This article examines the evolution of statistical data (in this case GDP) from their temporarily character to the final one. It has highlighted a number of inconsistencies or opposite evolutions which implies that the use of statistical data not definitive may lead to erroneous conclusions.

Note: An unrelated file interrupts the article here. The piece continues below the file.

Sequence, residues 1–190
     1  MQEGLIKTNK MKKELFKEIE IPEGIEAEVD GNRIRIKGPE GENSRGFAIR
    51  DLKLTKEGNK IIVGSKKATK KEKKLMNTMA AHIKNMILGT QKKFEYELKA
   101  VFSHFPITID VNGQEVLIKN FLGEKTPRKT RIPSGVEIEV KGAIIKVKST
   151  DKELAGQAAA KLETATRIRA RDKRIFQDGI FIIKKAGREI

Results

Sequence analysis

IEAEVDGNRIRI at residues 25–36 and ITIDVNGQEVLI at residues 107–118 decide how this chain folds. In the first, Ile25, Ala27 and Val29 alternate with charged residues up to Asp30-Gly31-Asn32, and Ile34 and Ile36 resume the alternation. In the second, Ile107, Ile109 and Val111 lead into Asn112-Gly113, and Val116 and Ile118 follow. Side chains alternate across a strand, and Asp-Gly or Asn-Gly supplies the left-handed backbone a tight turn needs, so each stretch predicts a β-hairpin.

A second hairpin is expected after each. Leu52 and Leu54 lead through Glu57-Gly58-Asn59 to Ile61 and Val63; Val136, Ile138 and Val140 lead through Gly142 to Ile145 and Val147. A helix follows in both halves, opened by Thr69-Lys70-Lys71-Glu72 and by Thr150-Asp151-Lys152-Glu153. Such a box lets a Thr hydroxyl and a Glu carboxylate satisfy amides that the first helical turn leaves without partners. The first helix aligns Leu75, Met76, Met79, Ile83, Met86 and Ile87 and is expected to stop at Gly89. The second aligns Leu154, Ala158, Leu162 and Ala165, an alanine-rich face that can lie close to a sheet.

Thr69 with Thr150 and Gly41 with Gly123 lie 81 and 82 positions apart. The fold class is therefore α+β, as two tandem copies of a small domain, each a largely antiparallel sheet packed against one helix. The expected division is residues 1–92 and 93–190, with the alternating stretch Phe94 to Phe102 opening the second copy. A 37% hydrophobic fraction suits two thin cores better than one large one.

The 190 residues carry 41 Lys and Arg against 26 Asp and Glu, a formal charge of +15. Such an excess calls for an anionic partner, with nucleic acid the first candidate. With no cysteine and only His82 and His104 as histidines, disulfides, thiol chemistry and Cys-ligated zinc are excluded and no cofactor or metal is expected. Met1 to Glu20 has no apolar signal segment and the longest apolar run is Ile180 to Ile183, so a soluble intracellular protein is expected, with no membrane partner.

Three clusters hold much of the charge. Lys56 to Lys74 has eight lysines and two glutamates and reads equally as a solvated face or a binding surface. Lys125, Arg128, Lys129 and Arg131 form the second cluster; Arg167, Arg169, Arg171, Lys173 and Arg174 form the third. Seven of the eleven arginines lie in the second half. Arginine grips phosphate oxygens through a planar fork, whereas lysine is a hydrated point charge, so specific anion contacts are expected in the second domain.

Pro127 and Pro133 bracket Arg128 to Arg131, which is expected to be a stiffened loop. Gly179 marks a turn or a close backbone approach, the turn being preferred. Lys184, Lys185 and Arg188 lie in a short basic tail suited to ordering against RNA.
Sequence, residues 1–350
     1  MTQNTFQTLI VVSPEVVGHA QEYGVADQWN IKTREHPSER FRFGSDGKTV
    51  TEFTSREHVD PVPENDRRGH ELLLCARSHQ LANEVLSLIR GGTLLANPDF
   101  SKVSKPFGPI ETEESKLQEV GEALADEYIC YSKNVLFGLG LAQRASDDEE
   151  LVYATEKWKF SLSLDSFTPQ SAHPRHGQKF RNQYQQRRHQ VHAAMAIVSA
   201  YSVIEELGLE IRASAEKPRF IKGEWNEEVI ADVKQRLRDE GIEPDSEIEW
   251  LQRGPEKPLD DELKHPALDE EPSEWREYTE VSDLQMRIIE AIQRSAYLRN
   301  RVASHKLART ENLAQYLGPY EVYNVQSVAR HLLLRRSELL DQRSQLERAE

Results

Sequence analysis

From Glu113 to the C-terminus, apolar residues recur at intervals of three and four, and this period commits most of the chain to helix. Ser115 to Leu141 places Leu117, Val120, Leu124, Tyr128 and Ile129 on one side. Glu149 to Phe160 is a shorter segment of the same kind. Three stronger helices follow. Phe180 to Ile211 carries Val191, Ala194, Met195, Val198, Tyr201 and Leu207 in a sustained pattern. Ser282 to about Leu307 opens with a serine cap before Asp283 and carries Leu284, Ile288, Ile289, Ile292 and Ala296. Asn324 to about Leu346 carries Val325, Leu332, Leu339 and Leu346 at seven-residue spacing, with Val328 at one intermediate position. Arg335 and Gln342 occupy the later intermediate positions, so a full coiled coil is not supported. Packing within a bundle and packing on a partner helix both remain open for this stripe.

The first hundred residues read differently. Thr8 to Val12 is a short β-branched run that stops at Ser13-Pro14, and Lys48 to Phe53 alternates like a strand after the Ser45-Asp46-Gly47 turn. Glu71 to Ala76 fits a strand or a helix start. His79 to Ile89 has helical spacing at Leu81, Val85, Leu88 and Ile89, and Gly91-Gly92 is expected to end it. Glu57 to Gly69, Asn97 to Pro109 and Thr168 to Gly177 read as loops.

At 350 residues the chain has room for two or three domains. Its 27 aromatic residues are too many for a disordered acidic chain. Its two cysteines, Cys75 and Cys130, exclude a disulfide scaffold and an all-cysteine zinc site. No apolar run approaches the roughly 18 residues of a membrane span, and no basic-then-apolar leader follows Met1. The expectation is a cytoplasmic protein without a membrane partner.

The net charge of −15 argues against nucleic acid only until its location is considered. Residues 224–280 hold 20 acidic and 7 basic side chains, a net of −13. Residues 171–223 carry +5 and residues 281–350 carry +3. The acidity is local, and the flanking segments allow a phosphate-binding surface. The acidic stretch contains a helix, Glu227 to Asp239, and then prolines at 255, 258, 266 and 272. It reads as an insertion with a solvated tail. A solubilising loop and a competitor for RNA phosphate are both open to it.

Nearly three-quarters of the growth in global carbon emissions from the burning of fossil fuels and cement production between 2010 and 2012 occurred in China(1,2). Yet estimates of Chinese emissions remain subject to large uncertainty; inventories of China's total fossil fuel carbon emissions in 2008 differ by 0.3 gigatonnes of carbon, or 15 per cent(1,3-5). The primary sources of this uncertainty are conflicting estimates of energy consumption and emission factors, the latter being uncertain because of very few actual measurements representative of the mix of Chinese fuels. Here we re-evaluate China's carbon emissions using updated and harmonized energy consumption and clinker production data and two new and comprehensive sets of measured emission factors for Chinese coal. We find that total energy consumption in China was 10 per cent higher in 2000-2012 than the value reported by China's national statistics(6), that emission factors for Chinese coal are on average 40 per cent lower than the default values recommended by the Intergovernmental Panel on Climate Change(7), and that emissions from China's cement production are 45 per cent less than recent estimates(1,4). Altogether, our revised estimate of China's CO2 emissions from fossil fuel combustion and cement production is 2.49 gigatonnes of carbon (2 standard deviations = +/-7.3 per cent) in 2013, which is 14 per cent lower than the emissions reported by other prominent inventories(1,4,8). Over the full period 2000 to 2013, our revised estimates are 2.9 gigatonnes of carbon less than previous estimates of China's cumulative carbon emissions(1,4). Our findings suggest that overestimation of China's emissions in 2000-2013 may be larger than China's estimated total forest sink in 1990-2007 (2.66 gigatonnes of carbon)(9) or China's land carbon sink in 2000-2009 (2.6 gigatonnes of carbon)(10).